sadkoThe next scene takes place in the underwater kingdom. A beautiful mermaid, who we later learn is called Speedy Pike (Bystraia Shchuchka), is being chased by a rather plump green merman. She escapes, partially because Sadko drifts down and interrupts the chase. Before Sadko passes out, he and the mermaid see each other and sparks fly. The fat merman chasing Speedy Pike captures Sadko and his parrot and takes them to the capitol of the kingdom where his mother rules. Barracuda, this underground ruler, uses her magic to allow Sadko and the parrot to “breathe” and function underwater. As we soon learn, all is not well at the bottom of the sea. King Carp is asleep, apparently somnambulated and incapacitated by the magic of his wife Barracuda. When Sadko is brought in, the locals try to figure out who and what he is. As is his wont, he plays his gusli and King Carp begins to stir, much to the distress of his power-usurper wife. Sadko’s gusli are labeled an instrument of destruction and Sadko and his parrot companion are imprisoned, with their execution scheduled for the following day.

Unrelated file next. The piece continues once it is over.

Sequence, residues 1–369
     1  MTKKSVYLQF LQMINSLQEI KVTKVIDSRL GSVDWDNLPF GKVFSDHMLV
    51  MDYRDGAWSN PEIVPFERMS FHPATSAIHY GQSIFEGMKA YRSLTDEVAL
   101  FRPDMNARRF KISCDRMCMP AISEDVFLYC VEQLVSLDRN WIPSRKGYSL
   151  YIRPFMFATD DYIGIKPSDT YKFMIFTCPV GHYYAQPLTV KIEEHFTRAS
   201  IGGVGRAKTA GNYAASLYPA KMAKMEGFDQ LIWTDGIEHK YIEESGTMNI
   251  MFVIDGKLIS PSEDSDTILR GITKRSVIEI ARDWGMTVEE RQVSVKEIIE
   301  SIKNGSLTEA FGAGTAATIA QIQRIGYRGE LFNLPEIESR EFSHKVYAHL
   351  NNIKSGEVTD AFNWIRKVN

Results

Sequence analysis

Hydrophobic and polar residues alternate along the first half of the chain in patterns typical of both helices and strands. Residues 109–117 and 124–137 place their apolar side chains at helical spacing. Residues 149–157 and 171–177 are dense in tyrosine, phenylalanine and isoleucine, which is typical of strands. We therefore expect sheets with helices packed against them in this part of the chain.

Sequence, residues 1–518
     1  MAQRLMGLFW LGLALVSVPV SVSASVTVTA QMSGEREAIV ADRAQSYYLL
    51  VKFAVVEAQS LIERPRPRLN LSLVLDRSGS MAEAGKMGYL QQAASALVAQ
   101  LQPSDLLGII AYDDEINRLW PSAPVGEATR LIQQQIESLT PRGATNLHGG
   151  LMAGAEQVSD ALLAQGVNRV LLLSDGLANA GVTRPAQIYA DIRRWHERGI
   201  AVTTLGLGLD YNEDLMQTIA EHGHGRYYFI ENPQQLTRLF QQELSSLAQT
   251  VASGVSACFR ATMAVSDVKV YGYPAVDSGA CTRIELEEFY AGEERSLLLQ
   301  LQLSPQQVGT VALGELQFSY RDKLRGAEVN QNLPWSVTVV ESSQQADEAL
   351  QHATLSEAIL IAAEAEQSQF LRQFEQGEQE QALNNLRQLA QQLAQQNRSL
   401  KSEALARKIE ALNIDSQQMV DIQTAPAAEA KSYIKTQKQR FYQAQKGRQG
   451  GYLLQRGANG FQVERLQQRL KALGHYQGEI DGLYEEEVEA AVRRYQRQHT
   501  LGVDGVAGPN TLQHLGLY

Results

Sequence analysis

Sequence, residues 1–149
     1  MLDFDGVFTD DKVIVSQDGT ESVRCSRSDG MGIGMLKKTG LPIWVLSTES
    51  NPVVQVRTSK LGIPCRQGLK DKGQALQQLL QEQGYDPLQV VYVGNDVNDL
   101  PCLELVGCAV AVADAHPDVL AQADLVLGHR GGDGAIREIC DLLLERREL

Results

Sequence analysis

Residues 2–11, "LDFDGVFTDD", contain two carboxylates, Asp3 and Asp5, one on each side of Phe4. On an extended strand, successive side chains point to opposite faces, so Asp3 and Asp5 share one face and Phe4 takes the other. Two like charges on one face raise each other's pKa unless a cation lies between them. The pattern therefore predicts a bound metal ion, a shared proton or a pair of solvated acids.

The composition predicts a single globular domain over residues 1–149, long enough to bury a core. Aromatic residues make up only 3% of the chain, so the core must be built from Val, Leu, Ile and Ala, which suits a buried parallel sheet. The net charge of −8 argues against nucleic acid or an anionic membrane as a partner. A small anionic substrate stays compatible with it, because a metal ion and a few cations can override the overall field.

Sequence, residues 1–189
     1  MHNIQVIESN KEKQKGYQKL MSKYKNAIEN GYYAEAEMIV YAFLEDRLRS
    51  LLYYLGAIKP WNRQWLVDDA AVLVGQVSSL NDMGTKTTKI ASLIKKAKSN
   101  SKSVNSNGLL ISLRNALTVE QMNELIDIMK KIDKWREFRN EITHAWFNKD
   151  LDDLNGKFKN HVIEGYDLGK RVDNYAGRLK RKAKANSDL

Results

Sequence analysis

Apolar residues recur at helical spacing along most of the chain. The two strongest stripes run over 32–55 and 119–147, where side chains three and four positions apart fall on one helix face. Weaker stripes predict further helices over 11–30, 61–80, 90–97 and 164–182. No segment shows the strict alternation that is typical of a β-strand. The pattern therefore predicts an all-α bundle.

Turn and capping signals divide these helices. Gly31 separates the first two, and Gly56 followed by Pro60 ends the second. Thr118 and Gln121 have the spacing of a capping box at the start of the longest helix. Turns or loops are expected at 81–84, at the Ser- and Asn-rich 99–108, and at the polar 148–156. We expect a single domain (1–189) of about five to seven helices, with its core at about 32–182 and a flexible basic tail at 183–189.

sadkoSpeedy Pike spies on them through the prison window and becomes further entranced as she listens to Sadko play his gusli and sing. Just then, Barracuda swims by, opens the door to an underground vault and descends, followed by Speedy Pike. In the vault, Barracuda keeps a magic mirror which she uses to conjure up the spirit of the sleeping King Carp. She asks the spirit if anything can break her spell over him and the spirit replies that a mighty Russian warrior, a bogatyr’, will descend into their underwater kingdom and free him from the spell. Speedy Pike hears all of this, decides that Sadko must be the hero of the prophecy, and comes up with a plan to save him and his parrot. She swims to a pirate ship populated by its deceased crew and asks them to help rescue Sadko. She offers money for their services and they laugh. But when she says that she might get King Carp to restore them to human form, because she is his ostracized daughter, they become interested. The next day is the planned execution, and Sadko and the parrot are brought to a huge contraption that bites off various body parts. Since they are not sea creatures, the queen decides to bite off their heads. Speedy Pike stops the falling jaws of the biting contraption just in time; almost simultaneously the dead pirates come in on a huge manta ray, beat up the residents of the sea kingdom, and allow Speedy Pike and Sadko to escape. As they flee to the pirate ship, Sadko asks Speedy Pike why she saved him. She replies because he saved her from the fat green merman, one of Barracuda’s sons. As they gaze at each other, Sadko gets goosebumps all over and realizes that Speedy Pike is the one.